PipeChat Digest #4297 - Monday, February 23, 2004
 
RE: Notre Dame-des-Neiges
  by "Andr=E9s G=FCnther" <agun@telcel.net.ve>
RE: Content Organs
  by "Andr=E9s G=FCnther" <agun@telcel.net.ve>
Re: Mormon organs
  by <OMusic@aol.com>
Arnold Loxam to be featured on RTR FM. (cross-posted)
  by "Kenneth Evans" <kevans1@rochester.rr.com>
RE: Arnold Loxam to be featured on RTR FM. (cross-posted)
  by "Will Light" <will.light@btinternet.com>
Re: another Richard White piece
  by "Alan Freed" <acfreed0904@earthlink.net>
Re: PipeChat Digest #4296 - 02/23/04
  by "Christopher Howerter" <OrgelspielerKMD@msn.com>
Re: Notre Dame-des-Neiges
  by "Alan Freed" <acfreed0904@earthlink.net>
Memphis Kimball
  by "First Christian Church of Casey, IL" <kzrev@rr1.net>
Squeaking at Naumburg
  by "Colin Mitchell" <cmys13085@yahoo.co.uk>
Re: PipeChat Digest #4296 - 02/23/04
  by "Colin Mitchell" <cmys13085@yahoo.co.uk>
RE: acoustics
  by "Emmons, Paul" <PEMMONS@wcupa.edu>
Re: acoustics
  by "Roy Redman" <rredman@imagin.net>
Re: Memphis Kimball
  by "T.Desiree' Hines" <nicemusica@yahoo.com>
Nunc Dimittis Berj Zamkochian   X-Posted
  by "Charlie Jack" <Charlie@Jack.NET>
Re: First Baptist Church, Jackson, Mississippi
  by "Douglas A. Campbell" <dougcampbell@juno.com>
A series of near-Holy Land experiences, Part 1 of 2
  by "Glenda" <gksjd85@direcway.com>
 

(back) Subject: RE: Notre Dame-des-Neiges From: "Andr=E9s G=FCnther" <agun@telcel.net.ve> Date: Mon, 23 Feb 2004 10:28:00 -0400   Andres Gunther agun@telcel.net.ve   This organ was architecturally designed by Jean Marol and its spec was designed by Jean Guillou. Not just a large instrument, but sounds terrific. Built = by Detlef Kleuker Orgelbau GmbH, who were always open minded to bold designs and new ideas.   Cheers Andres =3D=3D=3D=3D=3D=3D=3D=3D=3D=3D=3D=3D=3D=3D=3D=3D=3D=3D=3D=3D=3D=3D=3D=3D=3D= =3D=3D=3D=3D=3D=3D=3D First was the cat, then was the Orgler. The Orgler got a pet and the cat got something to wonder about.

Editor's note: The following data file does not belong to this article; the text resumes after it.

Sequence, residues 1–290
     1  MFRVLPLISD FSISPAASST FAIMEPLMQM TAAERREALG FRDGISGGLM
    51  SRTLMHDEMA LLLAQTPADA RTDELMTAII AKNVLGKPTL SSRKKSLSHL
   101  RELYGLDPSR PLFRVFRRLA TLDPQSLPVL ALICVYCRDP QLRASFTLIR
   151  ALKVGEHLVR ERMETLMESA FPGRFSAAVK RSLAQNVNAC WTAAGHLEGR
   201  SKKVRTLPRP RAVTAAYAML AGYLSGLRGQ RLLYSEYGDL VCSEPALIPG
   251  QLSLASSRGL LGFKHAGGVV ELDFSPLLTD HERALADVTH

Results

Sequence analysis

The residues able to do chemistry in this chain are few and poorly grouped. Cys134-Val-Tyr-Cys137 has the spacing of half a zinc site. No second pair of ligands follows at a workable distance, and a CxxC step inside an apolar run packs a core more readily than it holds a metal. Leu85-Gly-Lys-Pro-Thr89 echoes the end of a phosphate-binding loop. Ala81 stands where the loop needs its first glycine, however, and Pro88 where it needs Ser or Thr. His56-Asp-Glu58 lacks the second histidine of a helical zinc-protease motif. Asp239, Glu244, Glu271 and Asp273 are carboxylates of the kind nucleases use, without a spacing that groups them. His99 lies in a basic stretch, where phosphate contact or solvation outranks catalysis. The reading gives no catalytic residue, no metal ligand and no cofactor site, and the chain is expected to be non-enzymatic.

(back) Subject: RE: Content Organs From: "Andr=E9s G=FCnther" <agun@telcel.net.ve> Date: Mon, 23 Feb 2004 10:31:53 -0400   Andres Gunther agun@telcel.net.ve   Hi all   The Infant & Youth Symphonic Orchestra of Venezuela has one of these- model D 2800, 3 manuals, tracker touch, lots of gadgets from tuning into several historic temperaments to trem speed adjust to MIDI. Nice practicing instrument. The Firm calls or writes regularly if everything is OK, that throws a good light on them. Despite our ever-fluctuationg electric power supply they didn't have = trouble to this day with the instrument [knock wood! <G>]   This Digital is considered a "provisorium" until the new building of the System/Foundation is finished and gets its 3 man / 40+ Klais.   Andres =3D=3D=3D=3D=3D=3D=3D=3D=3D=3D=3D=3D=3D=3D=3D=3D=3D=3D=3D=3D=3D=3D=3D=3D=3D= =3D=3D=3D=3D=3D=3D=3D First was the cat, then was the Orgler. The Orgler got a pet and the cat got something to wonder about.    
(back) Subject: Re: Mormon organs From: <OMusic@aol.com> Date: Mon, 23 Feb 2004 09:49:02 EST   I respect your disagreement about turnovers. You are in a different part = of the country than we. Keith spent many years in the Mormon church in = Texas. That was my only resource. Eyrline